Conditional Green Cards: Proving That You Married in Good Faith - DuPage County Immigration Attorneys | Mevorah Law Offices LLC
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Conditional Green Cards: Proving That You Married in Good Faith

Posted on in Immigration
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IL immigration lawyerIf you are granted a green card based on marriage to a U.S. citizen, and your marriage is less than two years old, your green card will be conditional for two years after issuance. In order to obtain an unconditional 10-year green card, you must file an application either jointly with your spouse or individually if you are no longer married for legitimate reasons. The conditional period is intended to deter sham marriages made primarily to obtain immigration benefits. This gives U.S. immigration authorities more opportunity to confirm that your marriage was entered into in good faith.

How to Prove You Married in Good Faith

As part of your green card application, both you and your spouse may be questioned in depth by a U.S. Citizenship and Immigration Services (USCIS) official. You must convince the USCIS interviewer that you entered into the marriage in good faith, intending to live as husband and wife, and not just for immigration purposes.

To differentiate a sham marriage from a marriage made in good in faith, USCIS interviewers consider a long list of factors. You can expect to be questioned about these indicators:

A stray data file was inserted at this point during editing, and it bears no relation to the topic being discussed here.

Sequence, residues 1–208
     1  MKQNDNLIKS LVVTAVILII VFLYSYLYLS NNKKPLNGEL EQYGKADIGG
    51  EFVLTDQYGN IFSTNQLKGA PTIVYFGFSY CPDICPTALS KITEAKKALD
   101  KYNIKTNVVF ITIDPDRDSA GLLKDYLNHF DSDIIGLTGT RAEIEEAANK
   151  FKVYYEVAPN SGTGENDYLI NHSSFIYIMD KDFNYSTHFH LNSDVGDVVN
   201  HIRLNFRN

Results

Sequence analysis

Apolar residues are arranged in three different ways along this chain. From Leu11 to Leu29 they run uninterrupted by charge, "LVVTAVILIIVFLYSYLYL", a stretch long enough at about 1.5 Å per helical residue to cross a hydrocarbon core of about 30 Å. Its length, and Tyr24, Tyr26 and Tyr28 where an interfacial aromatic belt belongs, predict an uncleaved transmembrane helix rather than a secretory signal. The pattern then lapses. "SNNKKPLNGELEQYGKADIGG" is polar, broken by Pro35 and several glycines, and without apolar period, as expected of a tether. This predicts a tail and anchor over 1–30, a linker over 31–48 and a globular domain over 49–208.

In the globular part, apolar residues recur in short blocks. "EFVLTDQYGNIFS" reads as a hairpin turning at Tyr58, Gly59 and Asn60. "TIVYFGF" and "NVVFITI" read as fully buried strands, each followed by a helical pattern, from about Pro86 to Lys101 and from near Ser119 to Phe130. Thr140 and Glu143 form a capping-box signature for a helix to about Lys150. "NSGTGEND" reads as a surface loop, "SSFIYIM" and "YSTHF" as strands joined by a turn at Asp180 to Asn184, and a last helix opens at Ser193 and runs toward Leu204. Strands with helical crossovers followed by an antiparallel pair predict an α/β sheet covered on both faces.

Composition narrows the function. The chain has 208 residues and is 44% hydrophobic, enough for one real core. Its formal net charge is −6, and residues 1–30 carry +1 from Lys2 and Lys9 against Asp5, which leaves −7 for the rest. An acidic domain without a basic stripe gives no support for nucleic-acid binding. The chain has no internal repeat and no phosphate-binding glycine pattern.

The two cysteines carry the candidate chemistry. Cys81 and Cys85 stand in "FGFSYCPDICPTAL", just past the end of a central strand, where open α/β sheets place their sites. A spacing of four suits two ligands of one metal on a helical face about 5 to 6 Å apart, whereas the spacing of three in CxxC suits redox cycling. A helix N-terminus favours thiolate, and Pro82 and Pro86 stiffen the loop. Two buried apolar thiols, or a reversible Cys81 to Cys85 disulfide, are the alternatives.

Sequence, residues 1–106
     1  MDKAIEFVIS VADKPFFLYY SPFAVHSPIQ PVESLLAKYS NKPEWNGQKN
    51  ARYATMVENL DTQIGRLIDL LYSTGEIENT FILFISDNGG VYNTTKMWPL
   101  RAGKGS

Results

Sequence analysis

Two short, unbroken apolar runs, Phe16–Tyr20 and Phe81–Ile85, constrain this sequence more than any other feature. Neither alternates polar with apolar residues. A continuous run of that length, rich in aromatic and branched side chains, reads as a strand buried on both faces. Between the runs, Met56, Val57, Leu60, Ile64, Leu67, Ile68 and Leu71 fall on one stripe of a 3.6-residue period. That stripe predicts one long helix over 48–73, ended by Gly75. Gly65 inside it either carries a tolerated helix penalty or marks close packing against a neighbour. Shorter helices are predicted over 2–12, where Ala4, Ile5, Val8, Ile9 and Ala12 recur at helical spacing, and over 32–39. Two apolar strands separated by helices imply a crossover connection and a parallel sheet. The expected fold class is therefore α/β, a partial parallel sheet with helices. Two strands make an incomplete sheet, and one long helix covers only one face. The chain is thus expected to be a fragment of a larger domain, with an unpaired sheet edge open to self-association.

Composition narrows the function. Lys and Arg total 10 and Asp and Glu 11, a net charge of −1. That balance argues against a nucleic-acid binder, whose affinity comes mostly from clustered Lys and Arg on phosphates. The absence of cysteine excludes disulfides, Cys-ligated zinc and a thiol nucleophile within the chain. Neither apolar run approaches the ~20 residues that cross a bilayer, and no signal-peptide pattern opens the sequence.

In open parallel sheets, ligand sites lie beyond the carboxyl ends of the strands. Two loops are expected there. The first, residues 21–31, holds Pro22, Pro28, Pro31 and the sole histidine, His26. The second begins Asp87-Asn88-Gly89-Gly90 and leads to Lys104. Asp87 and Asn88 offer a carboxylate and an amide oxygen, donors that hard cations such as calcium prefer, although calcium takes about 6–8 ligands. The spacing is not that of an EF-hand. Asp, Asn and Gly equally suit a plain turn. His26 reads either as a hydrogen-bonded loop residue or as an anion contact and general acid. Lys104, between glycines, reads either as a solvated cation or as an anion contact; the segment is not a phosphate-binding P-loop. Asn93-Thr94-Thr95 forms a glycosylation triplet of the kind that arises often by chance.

• A large difference in age between you and your spouse.
  • An inability to converse in your spouse’s language, or vice versa.
  • A vast difference in your cultural and ethnic background.
  • Which of your family and friends know about your marriage, and if you have not told them, why not.
  • If your marriage was arranged by a third party, how did that come about.
  • Whether you are a friend to someone in your spouse’s family or vice versa, as family friends are sometimes asked to marry for immigration purposes.
  • The timing of your marriage, if it happened right after you received a notice to appear in immigration court or right before you were required to depart the U.S., for example, if you were in the U.S. on a temporary student visa.
  • Where you have been living since marriage, as failure to live with your spouse is considered an indicator of a sham marriage.
  • Discrepancies in your and your spouse’s answers to questions about which a husband and wife should have common knowledge.
  • The existence of previous petitions that your U.S. citizen spouse has filed for an alien spouse’s immigration.

If any of the above “indicators” of a sham marriage apply to you, you and your spouse may be questioned more thoroughly than other couples. As long as you provide reasonable answers to all of these “indicator” questions, your marriage should be deemed bona fide.

The more documentation you submit to prove that your marriage was entered in good faith, the better. Examples of such documents include:

  • A rental contract for your home or documentation related to the purchase of a home that includes both of your names.
  • Bank records that show both of your names on a checking account.
  • Bills that show both your name and your spouse’s, such as credit cards, utilities, or vehicle loan statements.
  • Income tax returns that show your status as married filing jointly.
  • Affidavits testifying to the validity of your marriage from at least two U.S. citizens or lawful permanent residents.

Consult a DuPage County Immigration Lawyer

If you will be applying for a green card based on marriage, work with a knowledgeable Chicago immigration lawyer to ensure that your application clearly demonstrates that you have a bona fide marriage and that you are fully prepared for your USCIS interviews. Call Mevorah Law Offices LLC at 630-932-9100.

 

Sources:

https://www.uscis.gov/ilink/docView/AFM/HTML/AFM/0-0-0-1/0-0-0-3481/0-0-0-4484.html

https://www.uscis.gov/sites/default/files/K1_Process_V11.pdf

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